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As cluster bomb ban takes effect, the view from Laos

The cluster bomb ban – officially known as the Convention on Cluster Munitions – comes into force today. Countries that have ratified the treaty must stop making cluster munitions, dispose of stockpiles, and clear contaminated areas.

Vansoum Phim Mavong an employee of Mines Advistory Group, searches for unexploded munitions in a field in central Laos. The shells of 'bombies' a nickname for the tennis-ball-sized bomblets, litter fields all over Laos, the most-bombed country in the world per capita. A world-wide cluster bomb ban takes effect Sunday.

Jared Ferrie

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The young woman brushes her metal detector over coarse, dry grass in a field near a primary school. Against the sound of children playing, the machine beeps as she searches for unexploded bombs dropped by American aircraft four decades ago.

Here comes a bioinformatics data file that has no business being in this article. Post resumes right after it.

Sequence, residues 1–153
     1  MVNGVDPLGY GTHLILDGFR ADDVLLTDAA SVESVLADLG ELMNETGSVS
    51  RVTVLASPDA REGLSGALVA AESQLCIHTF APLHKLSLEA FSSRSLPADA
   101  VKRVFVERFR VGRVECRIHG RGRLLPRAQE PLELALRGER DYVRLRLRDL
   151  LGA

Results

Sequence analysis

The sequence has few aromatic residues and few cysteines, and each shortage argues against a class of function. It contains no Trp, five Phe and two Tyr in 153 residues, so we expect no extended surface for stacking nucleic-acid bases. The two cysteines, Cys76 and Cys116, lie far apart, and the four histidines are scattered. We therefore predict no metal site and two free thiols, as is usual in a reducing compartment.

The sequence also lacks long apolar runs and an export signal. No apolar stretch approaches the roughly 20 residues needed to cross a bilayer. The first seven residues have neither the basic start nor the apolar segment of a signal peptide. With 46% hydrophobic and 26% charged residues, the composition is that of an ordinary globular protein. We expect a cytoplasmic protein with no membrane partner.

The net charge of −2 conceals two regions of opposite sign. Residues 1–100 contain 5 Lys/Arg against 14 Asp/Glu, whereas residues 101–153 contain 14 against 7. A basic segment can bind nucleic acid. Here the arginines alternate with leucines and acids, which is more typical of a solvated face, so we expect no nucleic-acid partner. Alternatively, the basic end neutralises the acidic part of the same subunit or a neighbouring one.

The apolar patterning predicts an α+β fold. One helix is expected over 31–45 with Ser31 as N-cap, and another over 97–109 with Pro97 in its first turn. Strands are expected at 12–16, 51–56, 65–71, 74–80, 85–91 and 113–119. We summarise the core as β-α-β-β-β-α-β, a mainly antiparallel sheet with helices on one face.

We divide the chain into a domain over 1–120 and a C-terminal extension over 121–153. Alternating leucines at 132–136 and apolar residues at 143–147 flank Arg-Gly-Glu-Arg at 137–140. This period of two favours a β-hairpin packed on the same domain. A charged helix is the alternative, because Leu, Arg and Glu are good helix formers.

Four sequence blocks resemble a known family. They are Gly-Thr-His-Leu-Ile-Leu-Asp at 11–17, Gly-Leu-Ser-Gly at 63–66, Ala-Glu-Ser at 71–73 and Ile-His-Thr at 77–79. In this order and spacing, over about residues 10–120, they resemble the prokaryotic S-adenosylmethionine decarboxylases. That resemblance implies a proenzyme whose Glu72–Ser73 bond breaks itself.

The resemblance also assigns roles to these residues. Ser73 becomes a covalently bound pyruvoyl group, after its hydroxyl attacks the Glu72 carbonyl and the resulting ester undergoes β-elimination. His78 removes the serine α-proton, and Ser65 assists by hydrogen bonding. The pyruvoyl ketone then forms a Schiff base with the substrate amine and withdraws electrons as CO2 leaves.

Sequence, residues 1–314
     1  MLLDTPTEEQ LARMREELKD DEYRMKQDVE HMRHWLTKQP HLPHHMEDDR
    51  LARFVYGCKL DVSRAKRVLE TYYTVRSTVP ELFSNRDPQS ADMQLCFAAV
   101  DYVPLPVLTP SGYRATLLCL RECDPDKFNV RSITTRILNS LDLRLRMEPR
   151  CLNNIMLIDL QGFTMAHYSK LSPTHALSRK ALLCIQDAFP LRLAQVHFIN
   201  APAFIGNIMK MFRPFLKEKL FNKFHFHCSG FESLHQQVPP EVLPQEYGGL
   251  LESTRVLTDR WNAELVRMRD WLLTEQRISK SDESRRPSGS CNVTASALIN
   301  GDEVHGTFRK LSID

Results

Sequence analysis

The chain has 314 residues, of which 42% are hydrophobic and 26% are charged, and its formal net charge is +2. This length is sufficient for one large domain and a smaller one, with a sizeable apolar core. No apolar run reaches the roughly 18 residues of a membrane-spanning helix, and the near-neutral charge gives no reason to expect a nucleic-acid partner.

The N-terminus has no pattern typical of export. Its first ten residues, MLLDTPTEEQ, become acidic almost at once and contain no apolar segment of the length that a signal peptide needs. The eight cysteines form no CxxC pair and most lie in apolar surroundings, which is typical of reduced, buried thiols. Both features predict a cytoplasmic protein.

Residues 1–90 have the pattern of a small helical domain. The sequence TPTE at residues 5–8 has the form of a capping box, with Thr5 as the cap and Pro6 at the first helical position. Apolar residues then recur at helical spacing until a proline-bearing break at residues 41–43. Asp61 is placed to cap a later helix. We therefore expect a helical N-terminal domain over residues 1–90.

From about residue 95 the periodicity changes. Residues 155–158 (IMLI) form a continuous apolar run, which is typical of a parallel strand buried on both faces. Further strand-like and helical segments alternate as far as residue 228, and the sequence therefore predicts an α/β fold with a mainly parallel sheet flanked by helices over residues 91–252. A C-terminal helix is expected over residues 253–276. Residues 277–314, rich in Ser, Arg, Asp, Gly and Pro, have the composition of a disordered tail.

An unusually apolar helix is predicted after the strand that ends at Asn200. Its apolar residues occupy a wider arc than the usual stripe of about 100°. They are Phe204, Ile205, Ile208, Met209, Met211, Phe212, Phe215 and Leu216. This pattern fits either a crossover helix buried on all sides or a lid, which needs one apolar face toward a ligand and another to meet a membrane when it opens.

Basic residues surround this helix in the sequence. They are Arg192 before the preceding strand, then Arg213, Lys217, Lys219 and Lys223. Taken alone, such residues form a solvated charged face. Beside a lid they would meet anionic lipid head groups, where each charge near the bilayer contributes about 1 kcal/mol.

Most of those were cluster bombs – shells that open midair scattering tennis-ball-sized "bombies," as they are known all over Laos. About 30 percent of them failed to explode upon impact, and instead remained buried in the earth. On average, one person a day is injured or killed in some part of the country by unexploded ordnance.

Cluster bombs affect about two dozen nations, from Afghanistan to Zambia. But it was Israel's use of the weapon in Lebanon in August 2006, causing more than 200 casualties over the following year, that spurred members of the international community to act.

On Aug. 1, the Convention on Cluster Munitions comes into force under international law. Countries that have ratified the treaty will be required to cease production of cluster munitions, dispose of stockpiles, and clear contaminated areas. The first gathering of the 106 member states will be held in the Laotian capital in November.

Why the US won't sign the treaty

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